Print Edition - 2014-09-28  |  Free the Words

A stranger on a bicycle

  • Cycling in Kathmandu is possible, but not comfortable; little projects could provide great relief to many
- NIKLAUS SALZMANN
A stranger on a bicycle

Sep 27, 2014-

While preparing for my three-month stay in Nepal, I knew one thing for sure: I was going to buy a bicycle in Kathmandu. I even sacrificed some of the scarce space in one of my bags to stuff in two child seats, as I was intending to explore the city with my two sons, one in front and one behind me on my bicycle, as I used to do in Switzerland. So I embarked on my journey with a lot of enthusiasm. But my eagerness began to fade no sooner than the taxi driver took a turn from Tribhuvan International Airport to the Ring Road.

Left-hand driving was one thing, but how could I possibly ever find my way between myriad motorcycles swerving right and left, lanes not defined by white lines but by the number of Maruti 800s that fit in one beside the other, pedestrians, dogs, and cows on the street, not to mention the polluted air and the constant honking. The only rule I was able to detect was this: the one who cares for his life never has the right of way. And that one would be me.

First ride

Nonetheless, a few days later, I bought a bicycle. It has one single gear. But apart from that, it has nothing in common with the ‘fixies’ that are oh-so-popular with hipsters in metropolises around the world. Mine was manufactured in India, cost me less than any second-hand bicycle in Switzerland, and is heavy as a truck, and therefore—at least I hope so—indestructible by bad road conditions.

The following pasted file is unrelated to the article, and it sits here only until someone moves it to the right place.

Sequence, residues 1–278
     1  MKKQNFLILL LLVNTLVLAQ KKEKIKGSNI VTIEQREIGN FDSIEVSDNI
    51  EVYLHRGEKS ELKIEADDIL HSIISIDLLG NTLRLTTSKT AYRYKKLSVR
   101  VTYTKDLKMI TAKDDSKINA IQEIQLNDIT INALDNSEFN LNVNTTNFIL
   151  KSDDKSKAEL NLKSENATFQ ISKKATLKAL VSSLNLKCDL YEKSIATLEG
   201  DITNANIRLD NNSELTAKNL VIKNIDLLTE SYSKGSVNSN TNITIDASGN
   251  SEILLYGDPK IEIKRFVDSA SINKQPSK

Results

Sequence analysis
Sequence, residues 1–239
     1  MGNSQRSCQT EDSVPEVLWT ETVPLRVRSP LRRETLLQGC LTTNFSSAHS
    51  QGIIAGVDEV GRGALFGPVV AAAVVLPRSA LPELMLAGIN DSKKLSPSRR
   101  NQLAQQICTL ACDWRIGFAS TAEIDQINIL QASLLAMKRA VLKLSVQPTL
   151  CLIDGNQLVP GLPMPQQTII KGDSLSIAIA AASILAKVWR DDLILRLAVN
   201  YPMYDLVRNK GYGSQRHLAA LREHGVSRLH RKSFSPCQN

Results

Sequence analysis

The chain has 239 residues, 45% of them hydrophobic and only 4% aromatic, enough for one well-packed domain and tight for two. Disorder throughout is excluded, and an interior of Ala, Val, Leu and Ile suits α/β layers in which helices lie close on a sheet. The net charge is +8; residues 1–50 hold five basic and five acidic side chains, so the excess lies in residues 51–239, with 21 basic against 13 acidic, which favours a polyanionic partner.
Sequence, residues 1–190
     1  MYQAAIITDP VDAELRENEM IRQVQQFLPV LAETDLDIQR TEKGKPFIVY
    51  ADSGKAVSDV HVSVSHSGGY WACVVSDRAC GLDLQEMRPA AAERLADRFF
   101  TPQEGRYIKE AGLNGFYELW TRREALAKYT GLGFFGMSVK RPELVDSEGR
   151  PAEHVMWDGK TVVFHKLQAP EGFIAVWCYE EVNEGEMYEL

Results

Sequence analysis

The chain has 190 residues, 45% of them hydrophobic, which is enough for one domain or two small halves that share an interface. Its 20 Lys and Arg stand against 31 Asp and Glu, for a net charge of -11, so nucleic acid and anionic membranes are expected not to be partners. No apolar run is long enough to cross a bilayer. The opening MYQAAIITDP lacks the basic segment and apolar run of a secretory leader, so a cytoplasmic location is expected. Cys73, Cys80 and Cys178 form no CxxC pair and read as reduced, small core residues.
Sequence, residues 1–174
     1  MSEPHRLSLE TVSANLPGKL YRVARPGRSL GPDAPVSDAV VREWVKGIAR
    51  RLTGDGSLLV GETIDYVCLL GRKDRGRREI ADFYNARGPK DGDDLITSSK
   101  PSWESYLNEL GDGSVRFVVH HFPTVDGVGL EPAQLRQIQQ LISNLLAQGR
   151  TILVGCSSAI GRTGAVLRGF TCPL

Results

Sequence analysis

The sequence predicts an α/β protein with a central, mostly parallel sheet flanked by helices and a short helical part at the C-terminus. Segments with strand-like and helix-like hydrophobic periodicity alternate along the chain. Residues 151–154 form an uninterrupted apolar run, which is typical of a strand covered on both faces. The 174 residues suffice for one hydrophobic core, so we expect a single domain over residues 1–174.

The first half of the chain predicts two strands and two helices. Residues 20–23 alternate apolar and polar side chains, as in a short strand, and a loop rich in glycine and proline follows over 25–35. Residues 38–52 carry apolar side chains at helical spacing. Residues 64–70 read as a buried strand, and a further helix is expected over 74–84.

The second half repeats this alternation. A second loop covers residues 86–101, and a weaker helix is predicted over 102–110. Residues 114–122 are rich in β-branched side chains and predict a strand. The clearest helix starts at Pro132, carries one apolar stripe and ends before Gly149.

The next day, after having carefully studied a city map, I sat on my brand-new bicycle and headed south towards Kantipur Publications. First impression: it wasn’t as bad as expected. For instance, I was able to completely avoid any bigger road, even if that meant having to slalom around potholes and struggle through mud in smaller lanes. I was travelling slower than expected—45 minutes for 4.5 kilometers is just about my usual walking speed in Switzerland—but still faster than a taxi in rush hour. I probably polluted my lungs with much less harmful substances than anyone driving down the Ring Road with open windows. And I realised that the absence of rules (or rather the lack of respect for them) is in large part compensated for by open eyes and ears as well as by the active use of the horn as a means of communication—in contrast to Switzerland, where the rare honk usually means: “Why are you driving like a moron?”

Nevertheless, at the end of my working day, well after sunset, my colleagues seemed to be a bit worried about me getting either lost or hit by a car on my way back. To avoid the first risk, I put up with the second one by choosing the Ring Road for the first part of my ride. That is when I noticed a big difference between a Swiss and a Nepali cyclist: I have electrical front and rear lights on my bicycle. With their help, I arrived at my guesthouse unhurt and proud of my successful first ride.